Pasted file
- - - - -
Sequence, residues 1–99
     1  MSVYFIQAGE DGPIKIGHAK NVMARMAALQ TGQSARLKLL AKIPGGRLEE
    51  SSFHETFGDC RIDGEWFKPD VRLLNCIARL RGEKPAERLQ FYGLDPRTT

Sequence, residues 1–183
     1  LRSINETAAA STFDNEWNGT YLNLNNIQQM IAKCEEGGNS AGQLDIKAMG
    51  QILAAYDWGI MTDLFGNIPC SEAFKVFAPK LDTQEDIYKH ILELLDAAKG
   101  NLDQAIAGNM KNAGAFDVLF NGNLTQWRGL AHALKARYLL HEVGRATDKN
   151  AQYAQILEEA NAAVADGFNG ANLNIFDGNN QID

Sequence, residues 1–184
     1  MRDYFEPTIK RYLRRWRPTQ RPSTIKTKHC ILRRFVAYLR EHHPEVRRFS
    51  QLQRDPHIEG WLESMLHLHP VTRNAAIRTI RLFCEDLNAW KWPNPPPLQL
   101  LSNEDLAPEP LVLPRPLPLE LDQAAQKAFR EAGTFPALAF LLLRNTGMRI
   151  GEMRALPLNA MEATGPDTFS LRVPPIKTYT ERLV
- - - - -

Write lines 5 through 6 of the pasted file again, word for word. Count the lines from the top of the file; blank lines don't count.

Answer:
     1  LRSINETAAA STFDNEWNGT YLNLNNIQQM IAKCEEGGNS AGQLDIKAMG
    51  QILAAYDWGI MTDLFGNIPC SEAFKVFAPK LDTQEDIYKH ILELLDAAKG